Big fun at track, and pretty nice on the highway, too.
Zero to 60 in 4.8 seconds. Sounds about right for a Shelby GT, but a 5,000-pound SUV? And a Jeep?
Yep, the next generation of SRT goodness has arrived for model year 2012, and included in the mix along with the Dodge retro muscle-cars is the WK2 Grand Cherokee SRT8, which gets the new 470 hp 6.4L V-8. The 392ci OHV engine (yep, it’s a pushrod motor) also delivers 465 lb-ft of torque at 4,300 rpm, with 90 percent of that available at 2,800. Top rated speed is 160 mph, and tow rating is 5,000 pounds. Backing the engine is the W5A580 five-speed automatic and Magna MP3010 full-time single-speed transfer case, which transfers torque front to rear at rates varying from 50/50 to 35/65, depending on conditions and drive mode.
One of the coolest features of the new SRT is the “Selec-Track” adaptive suspension system, which utilizes five different drive-mode settings---Auto, Sport, Track, Snow and Tow---to readjust things like torque proportioning, throttle control, cylinder deactivation and shock valving on the fly. This really allows you to fine-tune the vehicle’s handling characteristics, to optimize mileage, and to get power most efficiently to the 45-series Pirelli P-Zero all-season tires on 20-inch five-spoke aluminum rims.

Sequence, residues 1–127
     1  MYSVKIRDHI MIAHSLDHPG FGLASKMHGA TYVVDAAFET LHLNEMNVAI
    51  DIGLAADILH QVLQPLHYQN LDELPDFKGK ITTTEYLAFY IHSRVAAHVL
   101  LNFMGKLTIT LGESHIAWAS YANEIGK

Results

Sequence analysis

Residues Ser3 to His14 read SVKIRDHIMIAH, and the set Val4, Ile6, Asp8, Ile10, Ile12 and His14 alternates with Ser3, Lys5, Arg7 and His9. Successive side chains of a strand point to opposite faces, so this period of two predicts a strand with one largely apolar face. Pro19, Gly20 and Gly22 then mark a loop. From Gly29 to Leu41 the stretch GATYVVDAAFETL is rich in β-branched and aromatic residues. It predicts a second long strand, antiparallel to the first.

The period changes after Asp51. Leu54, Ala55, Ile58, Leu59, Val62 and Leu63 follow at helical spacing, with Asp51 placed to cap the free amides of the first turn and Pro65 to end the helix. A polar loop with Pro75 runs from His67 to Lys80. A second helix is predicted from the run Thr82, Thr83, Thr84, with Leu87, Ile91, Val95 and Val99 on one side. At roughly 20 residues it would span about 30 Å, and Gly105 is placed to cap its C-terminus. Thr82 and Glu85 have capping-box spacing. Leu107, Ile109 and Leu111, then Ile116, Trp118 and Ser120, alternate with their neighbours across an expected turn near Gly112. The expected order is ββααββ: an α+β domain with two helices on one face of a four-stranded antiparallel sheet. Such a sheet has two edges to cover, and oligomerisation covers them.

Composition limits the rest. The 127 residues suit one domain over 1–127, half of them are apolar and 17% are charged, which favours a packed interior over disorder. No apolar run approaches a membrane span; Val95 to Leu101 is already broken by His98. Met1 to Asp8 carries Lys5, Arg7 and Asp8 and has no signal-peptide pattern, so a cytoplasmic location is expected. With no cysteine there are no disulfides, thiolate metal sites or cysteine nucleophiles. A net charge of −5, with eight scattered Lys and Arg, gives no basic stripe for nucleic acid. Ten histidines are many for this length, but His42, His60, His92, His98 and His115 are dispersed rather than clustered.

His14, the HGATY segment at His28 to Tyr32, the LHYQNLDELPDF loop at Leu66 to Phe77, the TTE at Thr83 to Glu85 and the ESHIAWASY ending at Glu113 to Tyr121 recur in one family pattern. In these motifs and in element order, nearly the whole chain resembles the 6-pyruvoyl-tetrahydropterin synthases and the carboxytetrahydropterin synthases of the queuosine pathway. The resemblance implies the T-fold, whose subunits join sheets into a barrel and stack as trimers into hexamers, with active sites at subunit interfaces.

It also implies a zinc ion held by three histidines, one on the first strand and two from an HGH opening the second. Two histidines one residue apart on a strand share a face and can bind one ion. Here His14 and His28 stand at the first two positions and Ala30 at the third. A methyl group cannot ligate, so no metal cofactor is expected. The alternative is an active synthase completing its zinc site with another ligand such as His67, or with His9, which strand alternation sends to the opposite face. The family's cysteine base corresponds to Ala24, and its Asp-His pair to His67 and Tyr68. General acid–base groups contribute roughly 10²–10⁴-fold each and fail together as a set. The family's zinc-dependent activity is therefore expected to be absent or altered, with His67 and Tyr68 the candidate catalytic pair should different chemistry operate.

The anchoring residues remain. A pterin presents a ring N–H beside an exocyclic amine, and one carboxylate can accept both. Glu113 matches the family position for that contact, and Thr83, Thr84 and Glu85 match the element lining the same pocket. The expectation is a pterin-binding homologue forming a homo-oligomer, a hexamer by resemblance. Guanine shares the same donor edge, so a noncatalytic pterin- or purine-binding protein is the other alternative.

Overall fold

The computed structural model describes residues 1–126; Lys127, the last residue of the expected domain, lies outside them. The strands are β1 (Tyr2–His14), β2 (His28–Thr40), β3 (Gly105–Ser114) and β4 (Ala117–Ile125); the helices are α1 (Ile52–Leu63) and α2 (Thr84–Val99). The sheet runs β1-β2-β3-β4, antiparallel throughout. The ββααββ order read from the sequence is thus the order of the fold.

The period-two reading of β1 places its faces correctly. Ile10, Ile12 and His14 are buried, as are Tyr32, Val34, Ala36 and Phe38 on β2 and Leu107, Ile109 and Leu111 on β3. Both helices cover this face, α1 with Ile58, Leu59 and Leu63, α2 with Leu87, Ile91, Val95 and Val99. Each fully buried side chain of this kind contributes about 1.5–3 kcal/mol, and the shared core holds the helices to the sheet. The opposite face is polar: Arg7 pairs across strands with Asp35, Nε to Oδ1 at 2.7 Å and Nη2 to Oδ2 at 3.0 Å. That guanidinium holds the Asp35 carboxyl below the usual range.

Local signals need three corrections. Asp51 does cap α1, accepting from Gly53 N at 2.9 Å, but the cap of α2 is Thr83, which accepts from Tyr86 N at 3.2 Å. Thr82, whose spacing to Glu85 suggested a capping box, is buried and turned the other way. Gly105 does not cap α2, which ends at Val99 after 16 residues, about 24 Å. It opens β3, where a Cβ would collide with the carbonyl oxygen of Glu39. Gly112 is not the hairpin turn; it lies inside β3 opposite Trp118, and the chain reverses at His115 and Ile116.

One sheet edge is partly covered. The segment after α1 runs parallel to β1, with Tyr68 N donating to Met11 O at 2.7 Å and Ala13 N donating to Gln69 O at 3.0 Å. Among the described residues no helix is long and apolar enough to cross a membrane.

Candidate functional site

No, we didn’t wheel it---SRT Grands don’t have a low-range gear, and you can’t raise the suspension with this model, though ti does have the electronic rear brake limited-slip---but we did get a chance to whomp it around some hot laps at the Big Track at Willow Springs Raceway earlier this week (the verdict: When it comes to racing, we suck. The vehicle doesn’t), and the Grand was a truckload of fun to drive. With the adaptive suspension set on its stiffest setting (“Track” mode) and the stability control disabled (thank goodness for that option), the SRT8 Grand Cherokee had no trouble keeping up with the (equally-powerful-but-much-lighter-in-weight) Chargers and Challengers that were clogging up the track and preventing us from lapping the competition. (Okay, we made that up.) The Pirelli P-Zeros and 15-inch Brembo six-piston brakes proved their worth in and out of the corners, with great adhesion, predictable grab and progressive pedal feel. We didn’t get it to 160 mph, but 130 on the straights was easy to achieve, with plenty of power to spare. Away from the track, the SRT is a soothing respite to the bustle of noisy city traffic---quite nicely soundproofed, luxuriously appointed, and a pleasure to drive.
As you might imagine, the SRT8 is stuffed with all sorts of creature-comfort goodies, with awesomely firm Nappa leather-and-suede seats, leather wrapped steering wheel with paddle-shifters, carbon-fiber accents on the instrument panel and door trim, onboard entertainment system and, as an option, an 825-watt, 19-speaker (!) Harman-Kardon surround-sound stereo with GreenEdge speaker and amplifier technology, which increases the system’s efficiency while trimming weight.
Starting at a base price of $54,470, the new Jeep should available at your local Jeep dealer within the next couple of weeks. For what you get, it’s a lot of vehicle for the money, and one that we could see ourselves soaking up many long-distance highway miles in. Racing, on the other hand . . . well, we think we’ll stick to rock crawling in the future.